How to Get Out of Debt
The simplest way to get out of debt -- and for many the most difficult -- is to budget your spending and save enough cash to pay off your debts.
A budget is a financial plan that allocates a specific amount of money to be spent on certain commodities like food, clothing, mortgage or rental payments, entertainment and savings. Here's how to use a budget to lower your overall debt:
- Carefully record your monthly spending -- down to every utility bill, pack of gum and newspaper. These are called your fixed expenses (phone and electric bills) and your variable expenses (double lattes and movie tickets).
- Figure out exactly how much money you take home in income every month and subtract the cost of your fixed and variable expenses. What's left over is how much you can spend on lowering your debt.
- You can increase your monthly budget surplus (the amount left over) by eliminating items from your variable expenses that are unnecessary or unnecessarily expensive.
- Make a list of all of your monthly debts along with the interest rates for each type of debt.
- Pay off the debt with the highest interest rate first, while continuing to make at least the minimum monthly payment on your other debts.
Debt consolidation is another way to reduce your debt load. Debt consolidation means taking out a lower-interest loan to pay for higher-interest debts. It's called consolidation because you take several high-interest debts and consolidate them under one lower-interest payment. It's not an ideal way of reducing debt, because you're technically incurring more debt to pay off the debt you already have.
Typical forms of debt consolidation are a home equity loan or a second mortgage. Second mortgages are like home equity loans in that they use the home as collateral and carry relatively low interest rates (although certainly higher than the original mortgage). An example of debt consolidation would be to take out a home equity loan to pay off credit card debt.
Credit counselors are trained professionals that can help a chronic debtor come up with a manageable budget, develop a "debt management plan" and even negotiate with creditors for lower interest rates or better loan terms. However, not all credit counseling services are legitimate. Some of them charge hidden fees, called "voluntary contributions," that can quickly get expensive. Others are able to win lower interest rates only after purposefully defaulting on all of your loans and ruining your credit score.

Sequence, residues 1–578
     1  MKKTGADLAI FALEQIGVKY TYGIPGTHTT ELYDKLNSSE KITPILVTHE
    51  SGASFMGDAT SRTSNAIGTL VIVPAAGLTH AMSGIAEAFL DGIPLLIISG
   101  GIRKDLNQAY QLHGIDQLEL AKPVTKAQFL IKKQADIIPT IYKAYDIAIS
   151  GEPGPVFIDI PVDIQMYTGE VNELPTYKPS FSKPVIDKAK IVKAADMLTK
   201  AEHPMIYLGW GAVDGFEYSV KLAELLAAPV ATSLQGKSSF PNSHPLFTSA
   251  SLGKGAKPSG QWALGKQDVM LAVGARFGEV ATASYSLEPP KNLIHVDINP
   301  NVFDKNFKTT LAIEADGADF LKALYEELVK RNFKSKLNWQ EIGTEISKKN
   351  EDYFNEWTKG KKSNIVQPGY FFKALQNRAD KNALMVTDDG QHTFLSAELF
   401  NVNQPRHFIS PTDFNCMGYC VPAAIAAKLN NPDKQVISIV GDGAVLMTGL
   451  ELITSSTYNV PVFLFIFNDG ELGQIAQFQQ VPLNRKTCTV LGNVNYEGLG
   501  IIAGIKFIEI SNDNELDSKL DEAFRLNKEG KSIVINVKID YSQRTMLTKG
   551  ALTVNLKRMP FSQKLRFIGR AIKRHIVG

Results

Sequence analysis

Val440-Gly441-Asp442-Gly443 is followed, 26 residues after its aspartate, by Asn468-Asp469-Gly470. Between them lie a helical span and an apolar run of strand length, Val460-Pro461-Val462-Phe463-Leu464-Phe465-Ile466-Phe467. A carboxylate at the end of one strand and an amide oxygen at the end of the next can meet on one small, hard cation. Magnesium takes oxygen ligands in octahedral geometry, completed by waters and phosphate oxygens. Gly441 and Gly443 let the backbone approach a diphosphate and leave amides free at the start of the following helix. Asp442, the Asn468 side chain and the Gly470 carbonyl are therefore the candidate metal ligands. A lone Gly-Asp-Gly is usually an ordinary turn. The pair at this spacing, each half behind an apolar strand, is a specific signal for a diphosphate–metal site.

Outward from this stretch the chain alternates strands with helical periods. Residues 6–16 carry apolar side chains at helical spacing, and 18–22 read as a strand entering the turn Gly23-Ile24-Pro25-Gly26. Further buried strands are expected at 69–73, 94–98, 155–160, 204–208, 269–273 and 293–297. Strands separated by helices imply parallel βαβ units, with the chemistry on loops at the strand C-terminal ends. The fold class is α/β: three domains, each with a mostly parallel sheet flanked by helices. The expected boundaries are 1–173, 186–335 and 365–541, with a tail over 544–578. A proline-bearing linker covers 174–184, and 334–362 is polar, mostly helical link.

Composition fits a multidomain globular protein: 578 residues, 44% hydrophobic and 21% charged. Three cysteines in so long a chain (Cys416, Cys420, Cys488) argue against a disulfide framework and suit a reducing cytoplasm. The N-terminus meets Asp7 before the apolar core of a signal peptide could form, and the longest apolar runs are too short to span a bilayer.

If you find yourself up to your neck in debt with no possible way out, there are two final options: debt settlement and bankruptcy. Debt settlement is an arrangement between a debtor and a borrower to pay one lump sum to satisfy the debt rather than monthly payments that incur interest. This lump sum is typically less than the total debt that is owed. It's important that debtors know their rights when negotiating with creditors. In the United States, these rights are established by the Fair Debt Collection Practices Act.
The only advantage of debt settlement for the creditor is that he will at least receive some money. If the debtor is allowed to declare bankruptcy, the creditor may receive very little or nothing. Declaring bankruptcy is a legal process in which the debtor's assets are turned over to a trustee who then liquidates the assets to pay off the various creditors.
In the United States, the most common type of personal bankruptcy is called Chapter 13, in which the debtor retains some assets -- like a home or car -- and is required to adhere to a court-ordered debt repayment plan in which a percentage of his regular income is used to pay off creditors. After the debt repayment is completed, the debtor receives an official discharge clearing him of any further obligations to his creditors.
Now let's look at consumer debt and its effect on the overall economy.
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